The new Gmail is a time-saver!

Gmail logo

Essential redesign

Ok, apart from the much-needed makeover the new Gmail is absolutely awesome. A lot has been said about the snooze feature which is certainly very handy: if you think an email can wait, you just snooze it for a later date (think of it as a reminder).

The other important feature is the “expiry date” you can set on an email. After this date, the recipient cannot access it anymore (very useful for private messages or messages that are no longer needed after a specific date). However, the three features below really stand out for me and their importance hasn’t been stressed enough.

New Gmail, material redesign
Source: (Official Gmail blog)

Sidebar: Tasks, Calendar, Keep

A sidebar is crucial because when writing a message you need to be able to have your calendar open next to it so you can schedule your meetings and important dates. No need to open a separate calendar window and waste time or lose track of what you were about to say.

Your tasks and to-dos are also presented next to your messages so you can easily organise your day. Same for your Keep notes. Let’s say you’re running some errands outside and you take a picture of an item or note down an important address in Google Keep, something you need to email later on. When you sit down to write that email, your Google Keep notes are right next to you. How handy is that?

Visible attachments in your Inbox

This is true! You no longer need to open each different email individually to check if the file you’re looking for is there. Now attachments can be displayed under the title of the email in your Inbox. Just click on them and they are instantly downloaded on your hard drive. A time saver? Definitely. It makes you wonder why on earth this hadn’t been there in the first place!

AI in your email: Smart compose

This is the latest feature (you can enable it by going to the new Gmail settings and enable “Experimental access” in the General tab). What it basically does is auto-complete your sentences with suggestions as shown below. Neat!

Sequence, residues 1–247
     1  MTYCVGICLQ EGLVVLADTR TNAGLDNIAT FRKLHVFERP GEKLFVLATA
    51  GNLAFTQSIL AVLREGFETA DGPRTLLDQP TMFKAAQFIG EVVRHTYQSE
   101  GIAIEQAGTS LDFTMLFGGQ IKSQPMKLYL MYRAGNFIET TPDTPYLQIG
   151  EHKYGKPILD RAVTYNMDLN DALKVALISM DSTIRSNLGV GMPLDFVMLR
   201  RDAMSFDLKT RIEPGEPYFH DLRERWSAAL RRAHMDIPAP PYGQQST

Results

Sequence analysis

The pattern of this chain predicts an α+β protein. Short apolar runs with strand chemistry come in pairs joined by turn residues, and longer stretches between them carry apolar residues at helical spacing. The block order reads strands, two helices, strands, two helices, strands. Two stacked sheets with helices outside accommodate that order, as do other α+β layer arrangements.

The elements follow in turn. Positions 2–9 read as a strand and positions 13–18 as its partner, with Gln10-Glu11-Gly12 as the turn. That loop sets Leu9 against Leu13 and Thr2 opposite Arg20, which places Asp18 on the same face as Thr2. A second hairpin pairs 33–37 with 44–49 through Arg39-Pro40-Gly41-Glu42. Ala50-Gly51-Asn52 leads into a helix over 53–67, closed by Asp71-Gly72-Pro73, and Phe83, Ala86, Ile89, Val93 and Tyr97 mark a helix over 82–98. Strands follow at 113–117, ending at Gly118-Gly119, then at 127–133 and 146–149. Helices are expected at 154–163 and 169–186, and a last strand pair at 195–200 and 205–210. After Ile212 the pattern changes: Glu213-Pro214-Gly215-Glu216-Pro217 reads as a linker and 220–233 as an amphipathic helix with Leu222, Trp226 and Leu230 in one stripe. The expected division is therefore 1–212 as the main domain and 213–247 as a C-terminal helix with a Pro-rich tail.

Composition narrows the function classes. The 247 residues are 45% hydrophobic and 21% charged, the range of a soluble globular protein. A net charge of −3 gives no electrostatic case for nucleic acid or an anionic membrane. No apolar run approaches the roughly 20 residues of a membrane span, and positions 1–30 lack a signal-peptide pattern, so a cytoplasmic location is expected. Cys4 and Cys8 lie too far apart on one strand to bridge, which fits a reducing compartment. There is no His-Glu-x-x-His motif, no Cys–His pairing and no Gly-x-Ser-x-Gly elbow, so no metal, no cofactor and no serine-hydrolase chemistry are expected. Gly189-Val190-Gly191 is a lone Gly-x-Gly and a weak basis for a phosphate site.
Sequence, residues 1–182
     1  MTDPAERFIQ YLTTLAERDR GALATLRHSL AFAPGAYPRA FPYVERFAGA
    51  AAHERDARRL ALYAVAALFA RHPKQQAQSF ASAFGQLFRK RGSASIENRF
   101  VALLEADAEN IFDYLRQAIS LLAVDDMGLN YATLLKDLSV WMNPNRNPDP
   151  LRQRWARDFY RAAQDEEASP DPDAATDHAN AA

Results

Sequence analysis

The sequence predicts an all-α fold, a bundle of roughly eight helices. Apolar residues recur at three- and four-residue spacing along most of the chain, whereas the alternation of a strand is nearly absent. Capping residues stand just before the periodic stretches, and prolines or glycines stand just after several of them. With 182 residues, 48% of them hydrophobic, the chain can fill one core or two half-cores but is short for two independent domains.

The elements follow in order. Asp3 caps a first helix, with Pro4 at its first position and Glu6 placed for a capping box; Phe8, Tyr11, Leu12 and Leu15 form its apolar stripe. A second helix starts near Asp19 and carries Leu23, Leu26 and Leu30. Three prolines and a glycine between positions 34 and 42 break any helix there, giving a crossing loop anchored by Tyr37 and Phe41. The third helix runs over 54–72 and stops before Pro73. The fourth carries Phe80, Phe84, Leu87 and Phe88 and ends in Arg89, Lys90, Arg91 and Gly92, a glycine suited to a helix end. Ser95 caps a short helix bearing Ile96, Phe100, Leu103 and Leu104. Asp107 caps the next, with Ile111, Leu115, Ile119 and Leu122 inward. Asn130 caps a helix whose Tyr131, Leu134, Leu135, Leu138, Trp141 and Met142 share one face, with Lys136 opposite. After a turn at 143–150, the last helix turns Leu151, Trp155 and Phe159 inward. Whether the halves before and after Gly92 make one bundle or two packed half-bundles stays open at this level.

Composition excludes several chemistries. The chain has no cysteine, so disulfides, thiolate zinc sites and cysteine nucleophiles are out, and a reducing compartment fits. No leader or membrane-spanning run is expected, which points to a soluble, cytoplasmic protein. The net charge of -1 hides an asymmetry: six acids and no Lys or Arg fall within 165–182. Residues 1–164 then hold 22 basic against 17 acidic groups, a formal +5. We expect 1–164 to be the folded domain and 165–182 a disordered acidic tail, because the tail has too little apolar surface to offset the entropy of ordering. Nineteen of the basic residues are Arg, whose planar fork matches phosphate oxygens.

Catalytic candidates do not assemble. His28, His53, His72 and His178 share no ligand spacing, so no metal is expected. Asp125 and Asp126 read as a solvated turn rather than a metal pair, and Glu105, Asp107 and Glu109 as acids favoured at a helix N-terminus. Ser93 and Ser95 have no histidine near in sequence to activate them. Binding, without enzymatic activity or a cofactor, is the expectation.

New Gmail, material redesign
Source: (Official Gmail blog)

Should I switch from Outlook.com?

It depends. The classic folder-structure of Outlook.com seems to resemble more they typical business email clients. The interface might still look a bit cleaner for paid customers, but for free uses the big ads on the right-hand side of the screen are distracting. Outlook.com does have a wonderful Sweep function that can immediately get rid of emails with the same title or content. But then again, the improved Gmail functionality is hard to beat: who doesn’t want to have access to their calendar, important notes and tasks right next to them while composing a new message? Along, with the visible attachments right in your Inbox, the new Gmail could be a winner, saving you lots of valuable time.

The importance of not waiting for others

It is important not to wait for others, at least not always. Sometimes it is important to just do things on your own. This can be anything from having fun, travelling or taking a spiritual journey. Let’s say you want to stream a new series or movie online. You have flatmates or friends who’ve said they want to watch it with you but they keep finding excuses. They are tired or lazy that day, they’ve had last minute arrangements with their girlfriends or boyfriends, or they’ve just decided to make unimportant phone calls and gossip with other friends first. Well, screw them! All I know you could have watched not one but two new episodes of that series. Or two different movies and manage to get some work done in between (and we all know how much more productive we can be when there’s a treat waiting for us). As for us the most highbrow fellow, how many times did we want to watch that obscure film from that Scandinavian director but our dear friends (or others) kept asking us to wait for them. Why should our spiritual development (because that is what high art is all about) depend on the laziness of others?